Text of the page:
An analysis of the specific game demands of Australian football

Ryan Hopkinson

    Research output: ThesisMaster's Thesis

    32 Downloads (Pure)


    [Truncated] Australian football is currently significantly under researched with respect to quantifying the physical and physiological demands that are placed upon players during a game and at training. The purpose of this study was to analyse the specific game requirements of Australian football, in order to provide current information which can be used to develop appropriate training programs to better prepare players to meet the demands of the game. AFL (elite level) players selected from a cross-section of player / positional types (Full Forward / Full Back, Centre Half Forward / Centre Half Back, Midfielders, Small Forward / Small Back and Ruckmen) were analysed for all 'game movements' and 'game activities' performed during two games and two mid­-season, main training sessions.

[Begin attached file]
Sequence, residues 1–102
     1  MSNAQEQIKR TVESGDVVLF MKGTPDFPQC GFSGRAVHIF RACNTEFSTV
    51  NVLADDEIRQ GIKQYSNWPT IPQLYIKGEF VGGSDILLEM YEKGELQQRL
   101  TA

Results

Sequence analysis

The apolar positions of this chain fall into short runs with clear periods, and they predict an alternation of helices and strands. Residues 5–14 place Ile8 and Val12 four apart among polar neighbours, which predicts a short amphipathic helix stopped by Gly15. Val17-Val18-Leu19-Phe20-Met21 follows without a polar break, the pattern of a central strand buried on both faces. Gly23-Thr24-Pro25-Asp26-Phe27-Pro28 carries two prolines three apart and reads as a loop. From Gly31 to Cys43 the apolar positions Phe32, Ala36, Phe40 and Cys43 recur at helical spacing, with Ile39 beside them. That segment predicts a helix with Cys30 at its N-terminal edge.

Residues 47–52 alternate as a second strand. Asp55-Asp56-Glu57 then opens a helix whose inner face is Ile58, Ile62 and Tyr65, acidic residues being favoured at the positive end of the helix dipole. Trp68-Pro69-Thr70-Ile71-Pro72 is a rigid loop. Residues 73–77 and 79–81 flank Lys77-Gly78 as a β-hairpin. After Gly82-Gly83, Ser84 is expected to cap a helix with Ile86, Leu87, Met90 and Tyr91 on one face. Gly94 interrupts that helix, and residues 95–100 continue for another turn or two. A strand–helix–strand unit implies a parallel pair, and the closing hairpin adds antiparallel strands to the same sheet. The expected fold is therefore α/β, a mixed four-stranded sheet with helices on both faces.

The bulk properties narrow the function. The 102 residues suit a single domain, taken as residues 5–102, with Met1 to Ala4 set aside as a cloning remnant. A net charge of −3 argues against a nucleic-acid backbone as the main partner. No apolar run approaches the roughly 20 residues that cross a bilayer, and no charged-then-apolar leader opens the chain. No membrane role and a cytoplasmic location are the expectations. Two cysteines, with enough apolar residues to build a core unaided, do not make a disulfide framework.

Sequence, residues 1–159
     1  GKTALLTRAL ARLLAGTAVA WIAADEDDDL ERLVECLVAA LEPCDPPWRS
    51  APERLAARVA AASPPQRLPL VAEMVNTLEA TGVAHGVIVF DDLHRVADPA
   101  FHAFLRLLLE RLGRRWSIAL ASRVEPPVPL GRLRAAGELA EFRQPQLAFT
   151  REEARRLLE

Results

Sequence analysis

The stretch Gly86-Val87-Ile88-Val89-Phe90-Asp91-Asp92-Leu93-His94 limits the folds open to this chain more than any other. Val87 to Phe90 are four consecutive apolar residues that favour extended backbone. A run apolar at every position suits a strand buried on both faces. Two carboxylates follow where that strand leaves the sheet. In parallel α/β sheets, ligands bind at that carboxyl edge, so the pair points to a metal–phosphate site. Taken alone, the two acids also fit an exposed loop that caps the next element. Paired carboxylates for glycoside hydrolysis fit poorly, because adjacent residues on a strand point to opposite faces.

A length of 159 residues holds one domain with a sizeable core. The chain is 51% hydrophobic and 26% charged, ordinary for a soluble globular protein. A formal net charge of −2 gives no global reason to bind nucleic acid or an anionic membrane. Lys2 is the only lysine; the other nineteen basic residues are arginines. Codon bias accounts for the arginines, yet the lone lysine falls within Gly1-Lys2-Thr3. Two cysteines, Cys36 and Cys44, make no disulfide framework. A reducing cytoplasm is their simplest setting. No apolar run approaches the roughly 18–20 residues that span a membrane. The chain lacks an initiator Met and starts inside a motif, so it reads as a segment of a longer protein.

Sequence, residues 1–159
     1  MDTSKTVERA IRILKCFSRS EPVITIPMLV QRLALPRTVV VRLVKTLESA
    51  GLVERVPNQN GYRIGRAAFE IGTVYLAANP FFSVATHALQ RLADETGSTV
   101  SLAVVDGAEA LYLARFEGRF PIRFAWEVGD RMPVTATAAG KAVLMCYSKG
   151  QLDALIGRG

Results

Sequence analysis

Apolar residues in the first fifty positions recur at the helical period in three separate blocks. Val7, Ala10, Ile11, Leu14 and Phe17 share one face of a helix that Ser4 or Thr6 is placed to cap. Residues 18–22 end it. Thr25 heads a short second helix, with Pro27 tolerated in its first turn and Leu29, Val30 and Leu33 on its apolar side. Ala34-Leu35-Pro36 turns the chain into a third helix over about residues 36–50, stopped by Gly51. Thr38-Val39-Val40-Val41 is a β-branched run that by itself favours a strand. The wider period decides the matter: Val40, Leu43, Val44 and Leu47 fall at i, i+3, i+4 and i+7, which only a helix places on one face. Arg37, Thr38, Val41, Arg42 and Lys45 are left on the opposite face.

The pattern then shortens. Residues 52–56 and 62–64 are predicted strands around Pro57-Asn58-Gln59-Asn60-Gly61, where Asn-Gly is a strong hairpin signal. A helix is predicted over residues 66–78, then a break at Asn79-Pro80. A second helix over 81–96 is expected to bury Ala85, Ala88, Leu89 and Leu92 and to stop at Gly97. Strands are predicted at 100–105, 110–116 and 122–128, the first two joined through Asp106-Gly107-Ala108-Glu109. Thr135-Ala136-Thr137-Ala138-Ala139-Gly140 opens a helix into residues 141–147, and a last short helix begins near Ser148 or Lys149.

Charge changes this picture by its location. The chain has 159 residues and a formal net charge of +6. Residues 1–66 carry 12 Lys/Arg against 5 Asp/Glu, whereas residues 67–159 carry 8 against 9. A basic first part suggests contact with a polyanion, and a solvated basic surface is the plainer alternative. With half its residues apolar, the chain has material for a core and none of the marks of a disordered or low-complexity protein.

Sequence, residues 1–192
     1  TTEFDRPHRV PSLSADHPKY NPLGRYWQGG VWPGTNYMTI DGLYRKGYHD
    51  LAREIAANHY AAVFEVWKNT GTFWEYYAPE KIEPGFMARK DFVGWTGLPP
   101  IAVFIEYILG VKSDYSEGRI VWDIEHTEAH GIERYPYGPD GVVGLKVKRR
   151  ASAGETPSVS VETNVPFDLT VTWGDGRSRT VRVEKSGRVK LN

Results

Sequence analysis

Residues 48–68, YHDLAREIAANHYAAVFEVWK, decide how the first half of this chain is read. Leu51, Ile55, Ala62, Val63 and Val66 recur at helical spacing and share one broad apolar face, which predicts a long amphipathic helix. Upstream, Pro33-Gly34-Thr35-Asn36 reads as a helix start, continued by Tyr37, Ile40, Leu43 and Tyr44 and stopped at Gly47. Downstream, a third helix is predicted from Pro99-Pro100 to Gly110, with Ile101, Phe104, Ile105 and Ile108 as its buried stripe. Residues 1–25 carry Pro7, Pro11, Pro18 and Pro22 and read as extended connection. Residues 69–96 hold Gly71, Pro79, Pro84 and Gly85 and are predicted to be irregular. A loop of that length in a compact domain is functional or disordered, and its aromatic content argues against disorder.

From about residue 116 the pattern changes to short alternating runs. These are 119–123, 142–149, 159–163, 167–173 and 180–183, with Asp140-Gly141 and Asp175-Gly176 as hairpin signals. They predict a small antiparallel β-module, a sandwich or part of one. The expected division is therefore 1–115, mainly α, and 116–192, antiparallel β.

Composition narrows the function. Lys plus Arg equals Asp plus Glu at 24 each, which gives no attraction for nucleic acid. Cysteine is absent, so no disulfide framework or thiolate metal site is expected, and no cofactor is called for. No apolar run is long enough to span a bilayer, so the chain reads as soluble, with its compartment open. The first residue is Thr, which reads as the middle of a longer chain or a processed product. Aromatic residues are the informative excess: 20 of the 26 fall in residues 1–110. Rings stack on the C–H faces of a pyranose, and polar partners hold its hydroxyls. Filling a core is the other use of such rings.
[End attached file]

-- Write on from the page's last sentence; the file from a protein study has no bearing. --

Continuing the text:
The analysis of movement patterns included time and/or number of standing, walking, jogging, fast running, sprinting and lateral movements. Work:Recovery ratios were then calculated from these data. Game activities analysed included number of ball possessions (kicks, marks, handballs), ruck duels, ground ball contests, team involvements (shepherds, bumps, smothers, spoils and tackles), 'going to ground' and 'other' activities.
    Original languageEnglish
    Awarding Institution
    • The University of Western Australia
    Publication statusUnpublished - 2002

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